If I had to pick just one opera out of the many that I consider my favorites, it would be Le nozze di Figaro. It is dramatically solid, funny, and profound, with real characters that have depth and who develop throughout the course of the opera. The music eloquently characterizes the personalities of each cast member in the simplest and most elegant way. Each instrument in the orchestra has something beautiful and challenging to play so that every single part of this complex entity is fully engaged and meaningful. There are no dull moments and there are no extraneous elements.
Do you have a favorite compositional style?
My compositional style has evolved from being a composite of all my favorite influences to becoming a more organic whole that represents my own musical language. I have absorbed so much from all of the conducting I have done, and feel as though I have been my own “composer-in-residence.” I have had the opportunity to work closely on the orchestral and operatic repertory and have learned so much from the experience. My favorite life saying comes from the great Louis Armstrong, who said, “you blows what you is.” That, to me, summarizes my musical style!
What is one of your fondest memories of Juilliard?
It was my senior recital and I was conducting Gustav Holst’s “The Planets.” We had rehearsed exhaustively, and at the concert, we seemed to merge into one single organism, breathing as one and shaping the intensity of the music. We were relaxed and exhilarated at the same time—a moment of extreme ecstasy that I never shall forget.
What was your greatest challenge while you were enrolled?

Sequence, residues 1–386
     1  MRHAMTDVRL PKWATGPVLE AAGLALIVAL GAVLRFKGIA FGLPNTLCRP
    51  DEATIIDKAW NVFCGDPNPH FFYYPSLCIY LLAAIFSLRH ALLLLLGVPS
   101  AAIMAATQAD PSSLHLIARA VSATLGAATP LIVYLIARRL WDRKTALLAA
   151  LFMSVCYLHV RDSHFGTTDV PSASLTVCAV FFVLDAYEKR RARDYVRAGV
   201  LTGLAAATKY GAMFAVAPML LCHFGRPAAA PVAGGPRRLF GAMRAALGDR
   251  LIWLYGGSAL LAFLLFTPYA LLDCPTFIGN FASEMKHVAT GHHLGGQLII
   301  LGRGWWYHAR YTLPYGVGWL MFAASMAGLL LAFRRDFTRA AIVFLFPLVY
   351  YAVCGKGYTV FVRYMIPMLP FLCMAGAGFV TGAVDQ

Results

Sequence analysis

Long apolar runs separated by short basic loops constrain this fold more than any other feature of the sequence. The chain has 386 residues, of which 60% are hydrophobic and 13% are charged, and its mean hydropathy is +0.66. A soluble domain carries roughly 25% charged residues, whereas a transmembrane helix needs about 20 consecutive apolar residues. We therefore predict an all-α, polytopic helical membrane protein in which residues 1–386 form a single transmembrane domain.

My greatest challenge during my years at Juilliard was to find enough time! There never seemed to be sufficient hours in a day, and I constantly made lists of what I had to do. I worked late into the night and got up early in the morning, seldom getting enough sleep. I think I have learned how to manage my time better now, but in those student days it was a big challenge.
Tell us about your most influential teachers and mentors.
My most influential teachers at Juilliard were Jean Morel, Sixten Ehrling, Roger Sessions, and Herbert von Karajan. Jean Morel set a high standard for learning a score. He was so thorough and meticulous in his preparation, and I borrowed his scores and copied down all of his markings. I learned so much about conducting opera from Sixten Ehrling, who was the master of organizing rehearsal time. He gave me the opportunity to conduct many of the staging rehearsals of the operas he conducted at Juilliard, and as a result, I had the great fortune to work with the legendary Tito Gobbi on Falstaff. Roger Sessions taught me so much about compositional form and structure, and he made me aware of the importance of musical transitions and how they shape a work. Herbert von Karajan taught me to listen intensely, as though I were both conducting and listening from the back of the hall. He was a relentless perfectionist, and his focus was like a laser beam.
What are some words of advice you'd like to share with current students?
Juilliard is a great resource. Learn how to manage your time so that you maximize your ability to take advantage of its gifts. Organize your day so that you can work in a relaxed and focused way, take competition in stride, and maintain a friendly relationship with all of your colleagues. I have found that the contacts and friends I made at Juilliard are people I continue to work with throughout my life.
Describe your ideal day off.
I love to be out in nature. One of my favorite activities is hiking. Nature is my inspiration and provides me with the living presence of the Divine.